How to Get Around All the “Rules” in Religion – Why You Should Think Twice About Leaving the Church.

Have you ever felt like your church, friends, or family seem to govern their lives and the lives of others by rules they think should be in place?

Do you ever feel like Christianity, or religion, is all about the rules?

Well you may be on to something. There is a HUGE issue in the church today that seems to lurk behind all the reasons young people, middle aged people, and yes, even older people (you choose where you fit) leave the church.

It’s all about the rules. At least thats how mortal, human beings try to put it. Because they don’t know how to do it any other way.

And if its all about the rules, then there has to be a rule for everything.

What you can’t eat. And then when you stopped eating that, you can’t it this.

What you can’t wear. And when you changed and wear something “more modest”, you can’t wear this.

What you can’t listen to.

What you can’t watch.

Who you can’t date.

Who you can’t love — the big homosexuality issue included.

PEOPLE!!! STOP IT!!!

You know you can’t keep every single rule. And you know that when you don’t, WE ARE WATCHING! Then you become a hypocrite, and then we leave the church, because we don’t want to be around that kind of example.

Is it REALLY all about the rules?

“Whatever may be their profession, it is only those who are world servers at heart that act from policy rather than principle in religious things. We should choose the right because it is right, and leave consequences with God. To men of principle, faith, and daring, the world is indebted for its great reforms. By such men, the work of reform for this time must be carried forward.”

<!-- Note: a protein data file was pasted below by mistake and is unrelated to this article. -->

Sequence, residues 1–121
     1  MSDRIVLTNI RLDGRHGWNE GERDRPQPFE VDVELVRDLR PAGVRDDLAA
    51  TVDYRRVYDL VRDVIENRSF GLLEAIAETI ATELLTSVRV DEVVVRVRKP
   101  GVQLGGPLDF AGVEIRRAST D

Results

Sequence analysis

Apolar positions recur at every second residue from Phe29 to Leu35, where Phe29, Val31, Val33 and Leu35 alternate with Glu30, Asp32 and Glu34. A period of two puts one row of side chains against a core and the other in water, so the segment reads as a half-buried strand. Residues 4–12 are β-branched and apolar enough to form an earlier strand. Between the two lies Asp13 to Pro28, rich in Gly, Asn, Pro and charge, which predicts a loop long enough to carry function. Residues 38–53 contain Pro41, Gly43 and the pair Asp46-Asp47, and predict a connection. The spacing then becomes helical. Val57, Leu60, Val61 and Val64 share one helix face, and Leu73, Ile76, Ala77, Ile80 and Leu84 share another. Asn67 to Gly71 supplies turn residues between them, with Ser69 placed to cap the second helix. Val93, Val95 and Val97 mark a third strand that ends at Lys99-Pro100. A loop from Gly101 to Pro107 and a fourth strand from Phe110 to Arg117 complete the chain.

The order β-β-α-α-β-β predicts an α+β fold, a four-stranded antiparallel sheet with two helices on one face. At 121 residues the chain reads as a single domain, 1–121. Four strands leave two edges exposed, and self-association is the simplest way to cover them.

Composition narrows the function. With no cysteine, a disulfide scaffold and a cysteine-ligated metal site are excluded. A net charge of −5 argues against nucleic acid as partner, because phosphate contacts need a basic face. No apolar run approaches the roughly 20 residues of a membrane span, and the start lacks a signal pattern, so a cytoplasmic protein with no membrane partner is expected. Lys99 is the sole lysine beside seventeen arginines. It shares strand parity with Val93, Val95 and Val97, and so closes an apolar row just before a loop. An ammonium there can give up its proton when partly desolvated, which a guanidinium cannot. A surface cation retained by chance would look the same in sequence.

– E. G. White, The Great Controversy, p. 460

Principle.

What in the world is principle?

Oxford Dictionary states this:

Principle:
A fundamental truth or proposition that serves as the foundation for a system of belief or behaviour or for a chain of reasoning.

Even Jesus had this one figured out.

A pharisees asked him, “Teacher, which command in the law is the greatest?”

“He said to him, ‘ Love the Lord your God with all your heart, with all your soul, and with all your mind.

This is the greatest and most important command. The second is like it: Love your neighbor as yourself.

All the Law and the Prophets depend on these two commands.’ “

– Matthew 22: 36-40 (Holman Christian Standard Bible)

Wait, what?

The greatest is love?

Love.